(The actual code is slightly more complex: for efficiency, there is a special datatype to represent normalized polynomials, i.e. ``canonical sums''. But the idea is still the same).

So now, what is the scheme for a normalization proof? Let p be the polynomial expression that the user wants to normalize. First a little piece of ML code guesses the type of p, the ring theory T to use, an abstract polynomial ap and a variables map v such that p is betadeltaiota-equivalent to (interp v ap). Then we replace it by (interp v (polynomial_simplify ap)), using the main correctness theorem and we reduce it to a concrete expression p', which is the concrete normal form of p. This is summarized in this diagram:
 p ->betadeltaiota (interp v ap) =(by the main correctness theorem) p' <-betadeltaiota (interp v (polynomial_simplify ap))
The user do not see the right part of the diagram. From outside, the tactic behaves like a betadeltaiota simplification extended with AC rewriting rules. Basically, the proof is only the application of the main correctness theorem to well-chosen arguments.

19.7  History of ring

First Samuel Boutin designed the tactic ACDSimpl. This tactic did lot of rewriting. But the proofs terms generated by rewriting were too big for Coq's type-checker. Let us see why:

Coq < Goal forall x y z:Z, x + 3 + y + y * z = x + 3 + y + z * y.
1 subgoal

============================
forall x y z : Z, x + 3 + y + y * z = x + 3 + y + z * y

Coq < intros; rewrite (Zmult_comm y z); reflexivity.

Coq < Save toto.

Coq < Print  toto.
toto =
fun x y z : Z =>
eq_ind_r (fun z0 : Z => x + 3 + y + z0 = x + 3 + y + z * y)
(refl_equal (x + 3 + y + z * y)) (Zmult_comm y z)
: forall x y z : Z, x + 3 + y + y * z = x + 3 + y + z * y
Argument scopes are [Z_scope Z_scope Z_scope]

At each step of rewriting, the whole context is duplicated in the proof term. Then, a tactic that does hundreds of rewriting generates huge proof terms. Since ACDSimpl was too slow, Samuel Boutin rewrote it using reflection (see his article in TACS'97 ). Later, the stuff was rewritten by Patrick Loiseleur: the new tactic does not any more require ACDSimpl to compile and it makes use of betadeltaiota-reduction not only to replace the rewriting steps, but also to achieve the interleaving of computation and reasoning (see 19.8). He also wrote a few ML code for the Add Ring command, that allow to register new rings dynamically.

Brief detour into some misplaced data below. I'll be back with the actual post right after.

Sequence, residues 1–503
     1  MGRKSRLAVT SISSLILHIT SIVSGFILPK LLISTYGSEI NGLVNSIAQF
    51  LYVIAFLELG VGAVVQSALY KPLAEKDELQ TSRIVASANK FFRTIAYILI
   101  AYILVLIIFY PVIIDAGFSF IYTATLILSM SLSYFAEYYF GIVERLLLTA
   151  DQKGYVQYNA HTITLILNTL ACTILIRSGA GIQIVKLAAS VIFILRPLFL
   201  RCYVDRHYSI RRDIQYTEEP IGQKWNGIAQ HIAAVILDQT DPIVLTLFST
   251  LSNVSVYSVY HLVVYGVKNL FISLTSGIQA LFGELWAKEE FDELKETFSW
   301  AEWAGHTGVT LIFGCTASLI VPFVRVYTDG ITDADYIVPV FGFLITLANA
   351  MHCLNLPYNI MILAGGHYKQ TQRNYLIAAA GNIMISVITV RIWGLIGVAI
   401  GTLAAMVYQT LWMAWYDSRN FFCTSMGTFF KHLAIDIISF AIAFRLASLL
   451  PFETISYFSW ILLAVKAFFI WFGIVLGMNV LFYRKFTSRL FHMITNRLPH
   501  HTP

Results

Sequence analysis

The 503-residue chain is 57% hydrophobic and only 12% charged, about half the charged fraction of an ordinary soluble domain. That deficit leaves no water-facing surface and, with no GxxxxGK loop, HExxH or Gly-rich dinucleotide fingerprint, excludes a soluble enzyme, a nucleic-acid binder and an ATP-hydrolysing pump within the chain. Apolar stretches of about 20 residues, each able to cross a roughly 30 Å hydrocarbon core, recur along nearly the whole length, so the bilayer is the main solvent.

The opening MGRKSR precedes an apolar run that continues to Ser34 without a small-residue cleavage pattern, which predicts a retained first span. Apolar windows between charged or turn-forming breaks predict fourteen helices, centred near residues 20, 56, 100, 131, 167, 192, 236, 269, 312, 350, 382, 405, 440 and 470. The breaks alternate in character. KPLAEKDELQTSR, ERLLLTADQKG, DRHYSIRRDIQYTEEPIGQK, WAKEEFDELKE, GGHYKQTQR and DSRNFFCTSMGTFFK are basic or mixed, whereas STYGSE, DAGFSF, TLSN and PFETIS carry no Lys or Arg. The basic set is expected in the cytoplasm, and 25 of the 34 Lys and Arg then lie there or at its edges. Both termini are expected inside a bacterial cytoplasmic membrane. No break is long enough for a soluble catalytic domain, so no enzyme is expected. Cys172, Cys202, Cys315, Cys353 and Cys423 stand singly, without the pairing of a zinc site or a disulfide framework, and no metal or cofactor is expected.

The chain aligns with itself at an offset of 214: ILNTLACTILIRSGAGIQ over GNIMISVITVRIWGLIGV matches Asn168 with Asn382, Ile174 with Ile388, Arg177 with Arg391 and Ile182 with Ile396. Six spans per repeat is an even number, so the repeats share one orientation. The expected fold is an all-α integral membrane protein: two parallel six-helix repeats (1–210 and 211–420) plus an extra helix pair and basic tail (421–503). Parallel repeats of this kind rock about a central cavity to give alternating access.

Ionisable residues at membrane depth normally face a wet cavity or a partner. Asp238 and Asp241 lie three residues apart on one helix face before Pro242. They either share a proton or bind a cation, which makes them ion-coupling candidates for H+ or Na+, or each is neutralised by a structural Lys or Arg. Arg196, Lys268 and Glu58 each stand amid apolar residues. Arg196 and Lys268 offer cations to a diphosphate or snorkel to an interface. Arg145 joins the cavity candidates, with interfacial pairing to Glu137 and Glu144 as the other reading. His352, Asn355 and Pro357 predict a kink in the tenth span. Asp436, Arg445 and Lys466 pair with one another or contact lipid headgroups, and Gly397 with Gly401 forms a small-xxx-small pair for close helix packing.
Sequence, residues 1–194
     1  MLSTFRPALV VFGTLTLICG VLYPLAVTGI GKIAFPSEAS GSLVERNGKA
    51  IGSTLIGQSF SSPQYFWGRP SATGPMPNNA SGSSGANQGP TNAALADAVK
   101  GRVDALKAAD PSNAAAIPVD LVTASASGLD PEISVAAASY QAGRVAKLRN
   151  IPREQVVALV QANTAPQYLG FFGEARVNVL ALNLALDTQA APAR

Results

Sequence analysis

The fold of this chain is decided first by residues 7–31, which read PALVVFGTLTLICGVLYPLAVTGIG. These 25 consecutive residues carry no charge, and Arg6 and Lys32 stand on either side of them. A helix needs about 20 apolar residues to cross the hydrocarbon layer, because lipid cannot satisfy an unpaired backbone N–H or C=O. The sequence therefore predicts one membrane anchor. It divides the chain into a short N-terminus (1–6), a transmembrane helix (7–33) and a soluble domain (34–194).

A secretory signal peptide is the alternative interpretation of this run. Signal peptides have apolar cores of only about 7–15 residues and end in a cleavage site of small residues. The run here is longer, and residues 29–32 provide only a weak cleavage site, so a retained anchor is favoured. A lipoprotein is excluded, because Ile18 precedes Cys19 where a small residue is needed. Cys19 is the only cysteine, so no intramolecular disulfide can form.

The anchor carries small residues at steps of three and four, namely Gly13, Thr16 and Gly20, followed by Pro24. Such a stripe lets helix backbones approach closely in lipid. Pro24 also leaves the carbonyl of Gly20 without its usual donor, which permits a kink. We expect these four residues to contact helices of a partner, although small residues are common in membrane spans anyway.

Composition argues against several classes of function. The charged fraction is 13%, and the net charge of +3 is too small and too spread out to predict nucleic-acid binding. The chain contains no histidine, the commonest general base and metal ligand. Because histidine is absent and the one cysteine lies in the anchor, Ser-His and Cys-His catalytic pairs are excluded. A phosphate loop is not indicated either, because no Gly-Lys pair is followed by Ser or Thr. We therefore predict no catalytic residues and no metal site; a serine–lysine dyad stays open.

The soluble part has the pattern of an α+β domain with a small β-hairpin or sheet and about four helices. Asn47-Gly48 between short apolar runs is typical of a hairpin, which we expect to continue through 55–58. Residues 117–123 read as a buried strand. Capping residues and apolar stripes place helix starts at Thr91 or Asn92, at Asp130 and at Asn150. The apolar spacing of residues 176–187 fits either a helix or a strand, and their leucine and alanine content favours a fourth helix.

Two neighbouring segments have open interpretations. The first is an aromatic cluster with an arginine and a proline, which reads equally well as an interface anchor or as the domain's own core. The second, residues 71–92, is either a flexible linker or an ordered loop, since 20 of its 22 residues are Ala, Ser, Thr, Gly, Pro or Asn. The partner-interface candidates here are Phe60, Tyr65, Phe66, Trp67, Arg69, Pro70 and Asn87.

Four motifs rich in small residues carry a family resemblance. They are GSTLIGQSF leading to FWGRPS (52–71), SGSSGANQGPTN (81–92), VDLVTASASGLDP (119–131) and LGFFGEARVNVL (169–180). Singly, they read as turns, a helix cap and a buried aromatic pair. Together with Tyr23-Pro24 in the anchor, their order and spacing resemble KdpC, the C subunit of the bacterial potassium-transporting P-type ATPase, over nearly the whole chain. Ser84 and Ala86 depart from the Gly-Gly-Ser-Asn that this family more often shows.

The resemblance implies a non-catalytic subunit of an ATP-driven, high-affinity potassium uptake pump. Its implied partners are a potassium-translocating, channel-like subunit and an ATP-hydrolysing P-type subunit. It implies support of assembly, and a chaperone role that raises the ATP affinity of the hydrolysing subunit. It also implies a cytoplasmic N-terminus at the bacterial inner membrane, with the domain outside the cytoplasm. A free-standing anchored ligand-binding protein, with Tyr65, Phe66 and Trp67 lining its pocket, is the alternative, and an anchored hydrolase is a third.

Proofs terms generated by ring are quite small, they are linear in the number of + and × operations in the normalized terms. Type-checking those terms requires some time because it makes a large use of the conversion rule, but memory requirements are much smaller.

19.8  Discussion

Efficiency is not the only motivation to use reflection here. ring also deals with constants, it rewrites for example the expression 34 + 2*x -x + 12 to the expected result x + 46. For the tactic ACDSimpl, the only constants were 0 and 1. So the expression 34 + 2*(x - 1) + 12 is interpreted as V0 + V1 × (V2 - 1) + V3, with the variables mapping {V0 |-> 34; V1 |-> 2; V2 |-> x; V3 |-> 12 }. Then it is rewritten to 34 - x + 2*x + 12, very far from the expected result. Here rewriting is not sufficient: you have to do some kind of reduction (some kind of computation) to achieve the normalization.

The tactic ring is not only faster than a classical one: using reflection, we get for free integration of computation and reasoning that would be very complex to implement in the classic fashion.

Is it the ultimate way to write tactics? The answer is: yes and no. The ring tactic uses intensively the conversion rule of pCic, that is replaces proof by computation the most as it is possible. It can be useful in all situations where a classical tactic generates huge proof terms. Symbolic Processing and Tautologies are in that case. But there are also tactics like Auto or Linear: that do many complex computations, using side-effects and backtracking, and generate a small proof term. Clearly, it would be a non-sense to replace them by tactics using reflection.

Another argument against the reflection is that Coq, as a programming language, has many nice features, like dependent types, but is very far from the speed and the expressive power of Objective Caml. Wait a minute! With Coq it is possible to extract ML code from pCic terms, right? So, why not to link the extracted code with Coq to inherit the benefits of the reflection and the speed of ML tactics? That is called total reflection, and is still an active research subject. With these technologies it will become possible to bootstrap the type-checker of pCic, but there is still some work to achieve that goal.

Another brilliant idea from Benjamin Werner: reflection could be used to couple a external tool (a rewriting program or a model checker) with Coq. We define (in Coq) a type of terms, a type of traces, and prove a correction theorem that states that replaying traces is safe w.r.t some interpretation. Then we let the external tool do every computation (using side-effects, backtracking, exception, or others features that are not available in pure lambda calculus) to produce the trace: now we replay the trace in Coq, and apply the correction lemma. So internalization seems to be the best way to import ... external proofs!